Taming Shame

Rachelle Strawther, director of leadership training & development for Gonzaga’s School of Leadership Studies, speaks at the Nov. 1 forum at the Hemmingson Center.  GU photo

November 02, 2018

Gonzaga News Service

SPOKANE, Wash. — Shame is a powerful emotion that can push us toward achievement but also hold us back from realizing our potential — keeping us trapped in a web of repetitive negative self-talk on themes of being broken, undeserving and unworthy, Rachelle Strawther told a women’s leadership luncheon at Gonzaga University on Thursday.

Citing work by Brené Brown, a best-selling author and research professor at the University of Houston, Strawther said three things allow shame to grow: secrecy, silence and judgment. As we begin to question shame, dispute it, and discuss it with others, the more we can begin to let it go, she said.

“A key to this is to dispute it,” said Strawther, the director of leadership training & development for Gonzaga’s School of Leadership Studies. “The more I talk about the things that I’m afraid of, the less they hold me down.”

Shame tends to impact women and men differently, she said. Referencing the research of Brown and others, Strawther explained that shame in men often originates from perceptions of weakness and failure while women often experience it as generating contradictory messages and double binds — situations in which whatever decision one makes will be wrong — that combine to erode self-confidence.

For example, Strawther said, women are told to be physically fit — but not too muscular, because that may be deemed as unfeminine. She explained how research also shows significant gender differences in the neuroscience of confidence.

“Men tend to overrate themselves while women tend to underrate themselves,” she said, pointing out that shame is more damaging than its cousin guilt because we tend to internalize shame more as a personal character flaw, while guilt is more related to behavior.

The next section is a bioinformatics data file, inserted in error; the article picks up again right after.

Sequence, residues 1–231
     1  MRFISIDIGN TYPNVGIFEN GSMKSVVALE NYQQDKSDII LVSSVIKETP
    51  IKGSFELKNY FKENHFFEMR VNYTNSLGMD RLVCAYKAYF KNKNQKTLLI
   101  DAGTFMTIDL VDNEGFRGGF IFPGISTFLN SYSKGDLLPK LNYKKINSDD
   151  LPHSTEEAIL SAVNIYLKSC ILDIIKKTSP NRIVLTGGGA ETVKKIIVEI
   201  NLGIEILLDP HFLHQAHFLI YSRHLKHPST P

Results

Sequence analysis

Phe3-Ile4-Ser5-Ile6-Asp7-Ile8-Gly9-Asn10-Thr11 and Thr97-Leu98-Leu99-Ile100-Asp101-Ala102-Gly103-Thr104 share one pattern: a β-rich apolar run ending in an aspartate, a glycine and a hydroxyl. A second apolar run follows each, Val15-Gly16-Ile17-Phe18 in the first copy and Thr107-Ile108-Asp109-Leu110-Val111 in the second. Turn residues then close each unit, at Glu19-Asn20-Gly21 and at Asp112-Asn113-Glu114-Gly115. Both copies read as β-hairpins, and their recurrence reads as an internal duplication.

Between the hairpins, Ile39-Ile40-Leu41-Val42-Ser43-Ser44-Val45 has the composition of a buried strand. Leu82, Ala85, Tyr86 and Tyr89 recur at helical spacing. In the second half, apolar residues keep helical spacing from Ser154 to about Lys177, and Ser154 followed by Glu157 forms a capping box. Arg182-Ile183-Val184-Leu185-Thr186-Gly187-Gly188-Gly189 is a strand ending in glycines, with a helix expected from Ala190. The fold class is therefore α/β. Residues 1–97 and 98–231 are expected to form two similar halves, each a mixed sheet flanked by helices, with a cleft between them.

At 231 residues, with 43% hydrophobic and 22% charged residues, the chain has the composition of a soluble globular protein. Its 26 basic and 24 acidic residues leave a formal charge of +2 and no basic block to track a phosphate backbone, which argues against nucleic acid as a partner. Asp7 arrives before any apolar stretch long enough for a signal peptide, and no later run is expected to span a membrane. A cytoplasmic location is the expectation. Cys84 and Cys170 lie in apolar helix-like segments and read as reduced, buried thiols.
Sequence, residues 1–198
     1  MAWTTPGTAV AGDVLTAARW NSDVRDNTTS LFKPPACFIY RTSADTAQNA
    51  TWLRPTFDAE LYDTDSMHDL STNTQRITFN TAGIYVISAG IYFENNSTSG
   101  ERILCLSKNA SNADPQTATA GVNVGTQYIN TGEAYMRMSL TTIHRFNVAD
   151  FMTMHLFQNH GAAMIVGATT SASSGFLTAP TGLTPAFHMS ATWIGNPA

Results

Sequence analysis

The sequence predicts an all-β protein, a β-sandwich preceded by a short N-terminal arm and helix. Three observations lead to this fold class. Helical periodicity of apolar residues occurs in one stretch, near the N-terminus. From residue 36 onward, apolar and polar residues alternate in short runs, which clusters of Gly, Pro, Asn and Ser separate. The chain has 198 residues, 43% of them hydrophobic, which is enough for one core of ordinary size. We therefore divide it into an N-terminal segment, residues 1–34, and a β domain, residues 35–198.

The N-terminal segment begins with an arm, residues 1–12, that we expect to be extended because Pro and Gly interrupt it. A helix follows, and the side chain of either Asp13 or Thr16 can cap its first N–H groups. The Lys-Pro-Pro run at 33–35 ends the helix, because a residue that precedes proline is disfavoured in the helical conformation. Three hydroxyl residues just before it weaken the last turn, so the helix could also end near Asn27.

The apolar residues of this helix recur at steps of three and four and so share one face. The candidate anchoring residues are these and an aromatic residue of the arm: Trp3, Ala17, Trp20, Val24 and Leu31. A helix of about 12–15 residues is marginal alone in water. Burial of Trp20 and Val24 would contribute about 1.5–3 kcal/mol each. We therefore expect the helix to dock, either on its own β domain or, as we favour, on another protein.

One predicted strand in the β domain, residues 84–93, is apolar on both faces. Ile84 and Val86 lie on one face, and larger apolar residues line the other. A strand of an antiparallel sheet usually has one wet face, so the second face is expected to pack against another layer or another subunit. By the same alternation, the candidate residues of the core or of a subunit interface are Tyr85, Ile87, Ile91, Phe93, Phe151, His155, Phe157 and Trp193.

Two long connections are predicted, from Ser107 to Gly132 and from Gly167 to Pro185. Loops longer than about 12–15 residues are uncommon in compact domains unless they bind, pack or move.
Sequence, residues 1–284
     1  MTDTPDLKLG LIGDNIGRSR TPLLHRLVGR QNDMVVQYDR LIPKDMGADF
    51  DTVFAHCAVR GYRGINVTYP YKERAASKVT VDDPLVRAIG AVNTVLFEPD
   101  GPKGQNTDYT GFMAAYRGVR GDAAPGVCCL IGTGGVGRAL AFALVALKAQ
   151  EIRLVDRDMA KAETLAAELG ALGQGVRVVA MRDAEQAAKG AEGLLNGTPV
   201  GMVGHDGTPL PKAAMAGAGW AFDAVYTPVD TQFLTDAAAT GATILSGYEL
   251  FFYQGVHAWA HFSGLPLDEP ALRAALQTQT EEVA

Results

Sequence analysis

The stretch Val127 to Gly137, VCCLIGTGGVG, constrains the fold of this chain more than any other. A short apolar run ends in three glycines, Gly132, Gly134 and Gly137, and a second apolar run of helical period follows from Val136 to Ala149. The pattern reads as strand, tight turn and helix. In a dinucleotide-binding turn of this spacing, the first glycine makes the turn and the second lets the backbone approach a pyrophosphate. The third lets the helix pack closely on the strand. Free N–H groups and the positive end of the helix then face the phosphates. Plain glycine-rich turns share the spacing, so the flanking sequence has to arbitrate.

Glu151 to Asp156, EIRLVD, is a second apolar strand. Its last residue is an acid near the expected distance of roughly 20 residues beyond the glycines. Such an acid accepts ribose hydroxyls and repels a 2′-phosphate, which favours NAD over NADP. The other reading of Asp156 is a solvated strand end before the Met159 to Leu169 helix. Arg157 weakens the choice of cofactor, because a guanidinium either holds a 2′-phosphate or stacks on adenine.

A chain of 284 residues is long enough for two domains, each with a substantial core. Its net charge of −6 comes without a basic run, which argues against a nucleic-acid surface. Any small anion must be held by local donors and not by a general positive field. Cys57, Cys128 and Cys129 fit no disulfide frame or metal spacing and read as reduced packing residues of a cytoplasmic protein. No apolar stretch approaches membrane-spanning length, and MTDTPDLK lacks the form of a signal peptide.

The key to getting unstuck from self-defeating negative thoughts caused by shame, said Strawther, is to challenge the triggering thoughts as they arise.

“Pay attention to triggers. What’s going on for you at that moment? Be able to say ‘no’ and talk yourself back to a place of positivity,” she said. “When we’re triggered, that’s when the growth can happen.”

Strawther said shame is prevalent in our culture and that she has taken part in powerful, heartbreaking experiences in which people share their shame — some for the first time — and find incredible relief.

“One person said ‘I never shared this with anyone before, and it made me feel free,’” Strawther said, relating the comments of an individual who took part in an exercise in which notes of shameful experiences were anonymously written on strips of paper, redistributed and exchanged with others.

“We all have shame but we don’t have to let it define us,” Strawther said adding that it’s an incredible gift we can give one another by both sharing shame and being there to offer others the healing and reassuring words: “know, know, know that you are not alone.”

“That’s why the #MeToo Movement has been so powerful because so many women and men have been walking through their lives holding shame for things that were out of their control,” she said. “For other people to say ‘me too’ — that’s why it has been so powerful in the sharing of these experiences.”

The event is part of the School of Leadership Studies' Women Lead conference series designed to educate and empower women. For more information about upcoming programs, visit www.gonzaga.edu/womenlead.